Another thing to be aware of whilst hiring a car abroad is that you will need a credit card as part of the transaction. The car hire company will swipe the card at the time of hiring. This gives the company authorisation to charge your credit card for additional items, i.e. they can take a payment from your card without telling you or getting your permission. The most common use of this is to charge you the excess if there is any damage to the car. Yes hopefully this won’t happen – and if it does and you have the excess reimbursement insurance mentioned above you can reclaim it. But for additional peace of mind you need to make sure that there is enough leeway on the credit card to cover the excess should it be needed. If you need help sorting this out then perhaps consider a short term loan before you leave so that you can have balance available on your credit card. Same day logbook loans can be a way to raise quick cash and you can settle at any point if you either don’t use the money on holiday or if it is repaid by excess reimbursement insurance.
6. The camera never lies
It is very important to check the car carefully with a member of the car hire company before you drive it away. If there is any existing damage – including scratches – you need to get agreement that it is there. Otherwise you potentially run the risk of being blamed and charged for it later. It is a good idea to take photographs of the car before you drive away – if you do these on your smartphone they will be dated.
7. Which way to go?!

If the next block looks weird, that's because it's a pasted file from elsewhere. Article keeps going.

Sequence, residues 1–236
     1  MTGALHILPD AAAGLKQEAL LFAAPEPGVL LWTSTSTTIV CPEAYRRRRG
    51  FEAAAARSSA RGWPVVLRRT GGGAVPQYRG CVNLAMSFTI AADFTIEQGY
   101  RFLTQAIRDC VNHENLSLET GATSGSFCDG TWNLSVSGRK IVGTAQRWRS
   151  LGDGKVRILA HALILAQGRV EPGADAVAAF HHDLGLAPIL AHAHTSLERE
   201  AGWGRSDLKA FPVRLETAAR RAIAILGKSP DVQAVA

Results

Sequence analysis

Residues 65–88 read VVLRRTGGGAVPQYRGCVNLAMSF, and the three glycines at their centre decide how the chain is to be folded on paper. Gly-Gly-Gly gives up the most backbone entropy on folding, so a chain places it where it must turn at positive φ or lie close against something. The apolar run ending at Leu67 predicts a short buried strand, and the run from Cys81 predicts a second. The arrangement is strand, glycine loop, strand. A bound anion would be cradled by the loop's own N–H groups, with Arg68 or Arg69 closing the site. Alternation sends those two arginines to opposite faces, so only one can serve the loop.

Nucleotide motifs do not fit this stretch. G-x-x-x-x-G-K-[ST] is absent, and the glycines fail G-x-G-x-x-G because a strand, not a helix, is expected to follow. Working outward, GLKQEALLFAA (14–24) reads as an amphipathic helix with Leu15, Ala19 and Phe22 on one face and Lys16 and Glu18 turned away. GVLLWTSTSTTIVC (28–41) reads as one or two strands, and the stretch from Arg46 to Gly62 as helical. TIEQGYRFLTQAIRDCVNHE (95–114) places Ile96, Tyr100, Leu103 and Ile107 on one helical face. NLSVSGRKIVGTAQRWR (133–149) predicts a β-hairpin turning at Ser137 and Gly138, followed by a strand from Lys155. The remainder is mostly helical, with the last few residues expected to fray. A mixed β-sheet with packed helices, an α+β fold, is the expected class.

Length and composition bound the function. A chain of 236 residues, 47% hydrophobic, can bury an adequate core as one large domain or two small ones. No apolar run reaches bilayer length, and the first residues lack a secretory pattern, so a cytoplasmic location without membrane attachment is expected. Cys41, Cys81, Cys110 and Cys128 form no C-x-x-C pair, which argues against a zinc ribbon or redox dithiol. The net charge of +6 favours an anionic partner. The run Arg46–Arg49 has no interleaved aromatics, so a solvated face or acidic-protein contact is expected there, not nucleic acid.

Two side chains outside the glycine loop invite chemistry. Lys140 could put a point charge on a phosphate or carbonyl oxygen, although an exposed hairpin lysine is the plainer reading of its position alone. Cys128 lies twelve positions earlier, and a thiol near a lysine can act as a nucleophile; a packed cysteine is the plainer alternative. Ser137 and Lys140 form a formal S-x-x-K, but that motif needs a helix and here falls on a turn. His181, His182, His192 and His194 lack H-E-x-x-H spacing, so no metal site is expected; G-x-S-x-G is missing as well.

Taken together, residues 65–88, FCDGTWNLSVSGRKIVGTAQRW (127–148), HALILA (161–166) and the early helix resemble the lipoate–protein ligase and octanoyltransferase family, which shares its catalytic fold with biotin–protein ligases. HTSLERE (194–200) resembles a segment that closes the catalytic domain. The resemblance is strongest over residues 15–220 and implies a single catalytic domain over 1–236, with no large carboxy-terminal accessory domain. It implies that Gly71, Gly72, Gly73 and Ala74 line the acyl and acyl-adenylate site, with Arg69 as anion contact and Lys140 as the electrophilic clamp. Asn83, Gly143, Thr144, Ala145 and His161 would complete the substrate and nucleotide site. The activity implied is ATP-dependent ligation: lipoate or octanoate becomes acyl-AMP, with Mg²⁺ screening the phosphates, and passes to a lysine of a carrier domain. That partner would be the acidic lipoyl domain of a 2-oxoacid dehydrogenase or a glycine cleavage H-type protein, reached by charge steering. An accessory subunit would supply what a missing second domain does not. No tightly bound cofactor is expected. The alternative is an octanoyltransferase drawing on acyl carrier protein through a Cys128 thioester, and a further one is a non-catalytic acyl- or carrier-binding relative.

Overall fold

This may sound obvious but it is worth doing some advance preparation so that when you finally do drive off the car hire company’s premises you know what you are doing! You will just have had a long journey, probably a long queue at the car hire company and then all the car rental paperwork to sort out – which no matter how smoothly it goes always seems to take forever! It is a little unfair to then be expected to jump straight into an unfamiliar car, drive on the wrong side of the road, and somehow navigate your way to your accommodation. Spend time before you go planning this part of the journey carefully and also familiarising yourself with road signs and driving etiquette in the country in which you will be driving. Also don’t feel hassled to get moving as soon as you are in the car: take your time to get comfortable and familiarise yourself with the controls.
8. Clarify roles and responsibilities
So that the holiday can be relaxing for everyone, it’s a good idea for each member of the party to be allocated clear responsibilities. It can be cheaper to have just one driver but if that is the case then someone else should take on the role of navigator. Whether or not the car has GPS, or you’re relying on that phone in your pocket with various map apps, it is still vital to have a clear map and for the navigator to take time to plan journeys so that there is not the stress of getting lost. The driver will have enough to do without getting distracted by disputes over which turning to take! If there are others in the party then they can play their part by helping in other ways such as filling the car with petrol, loading and unloading luggage, or keeping the car clean.
9. The end of the road
Remember to return the car on time. Some companies will charge you either a late return fee or even an extra day even if you are only a few minutes late. So plan to be there in plenty of time and allow for those delays that inevitably happen when you least need them! Also be aware that it is usually more cost effective to return the car back to where you got it: if not the exact same office then at least the same country. If you are driving in Europe then a company may charge you additional fees if for example you hired a car in France and returned it in Italy.
10. Enjoy yourself!
This is the most important tip of all! You need to be aware of our other 9 tips and make sure you plan in advance to smooth your way. But once you have done that you are there – with your car – ready to hit the road and explore whichever nooks and crannies you want to! To quote Mehmet Murat ildan: “The road that leads to nowhere for others might just be the road that leads to somewhere for you!”
From the team at Logbook Loans; Enjoy your holiday!